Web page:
PROTECTION-AMI: Experimental Agent Does Not Prevent Reperfusion Injury

NEW ORLEANS, LA—A novel drug that inhibits delta-protein kinase C, an enzyme that has been tied to reperfusion injury, failed to reduce infarct size in patients undergoing percutaneous coronary intervention (PCI) in a phase IIb study. Results were presented April 5, 2011, at the American College of Cardiology Scientific Session/i2 Summit.

The drug, known as delcasertib, has been shown in animal models to reduce infarct size. And in human subjects undergoing primary PCI for anterior STEMI, the phase I/II DELTA MI trial found that intracoronary administration of delcasertib had positive effects on CK-MB measurements and ST recovery, according to principal investigator A. Michael Lincoff, MD, of the Cleveland Clinic Coordinating Center for Clinical Research (Cleveland, OH).

No Difference Across Range of Doses

Based on these precedents, Dr. Lincoff and colleagues conducted the PROTECTION-AMI trial, which enrolled 1,176 acute STEMI patients with planned primary PCI at 114 sites in 18 countries. Patients in the main cohort who had anterior STEMI (n = 908) were assigned to receive placebo or 1 of 3 delcasertib doses (50 mg/hr, 150 mg/hr, or 450 mg/hr) given intravenously for approximately 2.5 hours immediately after randomization.

In patients who went on to receive PCI, measurements of CK-MB area under the curve (AUC; primary endpoint) were similar regardless of treatment group, as was ST-segment recovery AUC on continuous 24-hour ECG (table 1).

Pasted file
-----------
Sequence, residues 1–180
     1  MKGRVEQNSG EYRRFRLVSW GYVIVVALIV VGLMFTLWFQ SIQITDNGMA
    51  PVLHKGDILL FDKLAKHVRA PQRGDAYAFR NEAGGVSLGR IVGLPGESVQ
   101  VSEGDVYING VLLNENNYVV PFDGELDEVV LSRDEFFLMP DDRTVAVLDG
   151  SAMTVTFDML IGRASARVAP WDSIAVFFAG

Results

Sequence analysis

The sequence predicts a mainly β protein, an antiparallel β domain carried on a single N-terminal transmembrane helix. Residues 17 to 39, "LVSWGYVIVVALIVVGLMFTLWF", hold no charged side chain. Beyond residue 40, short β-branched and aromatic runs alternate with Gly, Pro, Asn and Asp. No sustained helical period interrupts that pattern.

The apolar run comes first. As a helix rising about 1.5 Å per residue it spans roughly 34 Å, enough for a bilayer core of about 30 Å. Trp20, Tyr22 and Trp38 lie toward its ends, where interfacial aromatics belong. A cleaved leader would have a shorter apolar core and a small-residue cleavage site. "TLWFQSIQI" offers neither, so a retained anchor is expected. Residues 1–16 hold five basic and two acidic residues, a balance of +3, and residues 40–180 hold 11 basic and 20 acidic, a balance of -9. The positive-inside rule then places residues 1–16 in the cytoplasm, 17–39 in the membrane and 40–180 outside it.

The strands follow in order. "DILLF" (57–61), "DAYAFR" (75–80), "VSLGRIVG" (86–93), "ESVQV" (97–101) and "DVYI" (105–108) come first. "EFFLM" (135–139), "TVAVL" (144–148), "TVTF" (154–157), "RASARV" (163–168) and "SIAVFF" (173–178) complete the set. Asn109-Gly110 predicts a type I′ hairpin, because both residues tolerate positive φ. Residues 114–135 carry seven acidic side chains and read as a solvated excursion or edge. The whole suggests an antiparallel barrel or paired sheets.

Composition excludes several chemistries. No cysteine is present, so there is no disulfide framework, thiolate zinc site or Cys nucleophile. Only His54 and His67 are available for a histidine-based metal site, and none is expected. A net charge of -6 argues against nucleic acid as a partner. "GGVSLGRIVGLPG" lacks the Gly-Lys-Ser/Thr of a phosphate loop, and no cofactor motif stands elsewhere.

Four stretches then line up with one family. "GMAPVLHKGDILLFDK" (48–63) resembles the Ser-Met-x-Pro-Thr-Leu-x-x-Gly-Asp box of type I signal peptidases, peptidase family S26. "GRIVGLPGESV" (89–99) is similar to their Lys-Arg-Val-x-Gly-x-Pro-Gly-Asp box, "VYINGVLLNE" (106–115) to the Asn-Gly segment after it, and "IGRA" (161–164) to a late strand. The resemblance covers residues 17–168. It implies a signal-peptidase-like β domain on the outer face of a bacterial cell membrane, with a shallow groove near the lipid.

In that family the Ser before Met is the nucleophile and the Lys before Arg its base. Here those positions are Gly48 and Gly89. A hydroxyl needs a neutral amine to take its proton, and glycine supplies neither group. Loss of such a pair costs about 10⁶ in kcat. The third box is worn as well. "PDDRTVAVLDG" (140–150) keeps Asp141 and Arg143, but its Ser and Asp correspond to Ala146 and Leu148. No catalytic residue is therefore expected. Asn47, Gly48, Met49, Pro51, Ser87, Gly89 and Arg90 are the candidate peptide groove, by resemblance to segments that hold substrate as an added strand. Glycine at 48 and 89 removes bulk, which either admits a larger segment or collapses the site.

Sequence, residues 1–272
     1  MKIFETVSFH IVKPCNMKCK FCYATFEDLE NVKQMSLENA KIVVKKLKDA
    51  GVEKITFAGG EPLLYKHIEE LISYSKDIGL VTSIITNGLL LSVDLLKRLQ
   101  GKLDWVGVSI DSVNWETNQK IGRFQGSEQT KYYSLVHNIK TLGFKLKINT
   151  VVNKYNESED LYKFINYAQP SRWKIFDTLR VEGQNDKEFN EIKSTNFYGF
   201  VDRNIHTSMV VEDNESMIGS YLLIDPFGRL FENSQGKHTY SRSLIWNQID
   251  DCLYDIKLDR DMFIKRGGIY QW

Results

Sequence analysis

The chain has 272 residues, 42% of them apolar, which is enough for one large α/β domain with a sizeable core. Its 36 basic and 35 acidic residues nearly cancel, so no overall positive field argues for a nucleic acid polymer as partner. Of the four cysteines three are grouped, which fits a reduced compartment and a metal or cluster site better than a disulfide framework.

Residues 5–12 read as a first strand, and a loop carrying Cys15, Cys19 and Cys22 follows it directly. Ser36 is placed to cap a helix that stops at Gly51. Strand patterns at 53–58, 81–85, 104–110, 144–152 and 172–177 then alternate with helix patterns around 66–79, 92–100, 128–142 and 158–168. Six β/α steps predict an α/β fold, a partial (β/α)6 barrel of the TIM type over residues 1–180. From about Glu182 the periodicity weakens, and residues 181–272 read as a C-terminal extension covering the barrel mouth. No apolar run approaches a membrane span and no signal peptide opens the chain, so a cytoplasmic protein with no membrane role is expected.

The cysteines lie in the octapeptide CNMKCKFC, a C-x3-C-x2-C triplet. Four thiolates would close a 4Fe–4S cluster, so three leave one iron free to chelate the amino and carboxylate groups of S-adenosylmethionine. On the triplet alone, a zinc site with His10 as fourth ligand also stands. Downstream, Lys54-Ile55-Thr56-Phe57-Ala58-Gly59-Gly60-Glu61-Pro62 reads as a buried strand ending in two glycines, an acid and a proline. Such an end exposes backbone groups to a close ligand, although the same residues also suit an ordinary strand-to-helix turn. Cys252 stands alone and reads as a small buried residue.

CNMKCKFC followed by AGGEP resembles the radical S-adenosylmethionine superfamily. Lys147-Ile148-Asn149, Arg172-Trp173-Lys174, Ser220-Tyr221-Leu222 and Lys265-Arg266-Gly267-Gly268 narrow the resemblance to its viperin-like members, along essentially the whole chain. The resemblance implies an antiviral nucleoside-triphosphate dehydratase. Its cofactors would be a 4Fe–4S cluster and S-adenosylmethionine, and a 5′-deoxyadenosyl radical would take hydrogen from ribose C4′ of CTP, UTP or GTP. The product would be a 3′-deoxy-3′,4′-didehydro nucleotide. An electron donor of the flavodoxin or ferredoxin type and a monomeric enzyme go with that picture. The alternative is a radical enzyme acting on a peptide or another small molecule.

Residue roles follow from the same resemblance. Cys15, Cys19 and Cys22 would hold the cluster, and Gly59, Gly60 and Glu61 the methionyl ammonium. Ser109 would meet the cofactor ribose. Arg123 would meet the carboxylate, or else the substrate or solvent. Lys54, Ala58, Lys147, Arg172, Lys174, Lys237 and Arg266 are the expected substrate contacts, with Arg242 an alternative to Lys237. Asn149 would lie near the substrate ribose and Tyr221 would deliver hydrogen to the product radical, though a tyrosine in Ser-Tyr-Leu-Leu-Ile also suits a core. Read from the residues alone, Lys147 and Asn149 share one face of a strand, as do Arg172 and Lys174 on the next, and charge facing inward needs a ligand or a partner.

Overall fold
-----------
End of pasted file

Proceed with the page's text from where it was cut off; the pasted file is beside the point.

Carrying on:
Table 1. Periprocedural Outcomes


(n = 228)

50 mg/hr
(n = 229)

150 mg/hr
(n = 227)

450 mg/hr
(n = 227)

P Value

CK-MB AUC, ng/hr/mL






ST Recovery AUC, microV/min






At 3 months, clinical event rates, the prevalence of LVEF 30% or lower, and NT-proBNP levels also were equivalent irrespective of treatment arm (table 2).

Table 2. Outcomes at 3 Months



50 mg/hr

150 mg/hr

450 mg/hr






Cardiogenic Shock










Ventricular Arrhythmia





LVEF  30%





NT-proBNP, pg/mL





The researchers also conducted a prospective analysis of results stratified according to pre-PCI TIMI flow, “on the hypothesis that with an open artery, reperfusion may already have occurred prior to administration of the drug and thus the opportunity to reduce reperfusion injury may have been diminished,” Dr. Lincoff said.

“When the primary endpoint was analyzed according to entry TIMI flow, it is clear that patients who entered with an occluded artery [TIMI 0/1] had a much higher myocardial enzyme release, nearly twice that of those who entered with an open artery [TIMI 2/3],” he explained, adding that the difference amounted to nonsignificant reduction of 15 to 18% in CK-MB AUC.

Delcasertib was associated with no reductions in myocardial infarct size or improvements in clinical outcome in this study, Dr. Lincoff said. Still, “[o]ther potential applications to ischemia reperfusion injury with this agent may be investigated.”

No Clear Target for Preventing Myocardial Damage

Panelist Sanjay Kaul, MD, of Cedars-Sinai Medical Center (Los Angeles, CA), congratulated Dr. Lincoff on a well-performed study but commented, “unfortunately another one bites the dust.”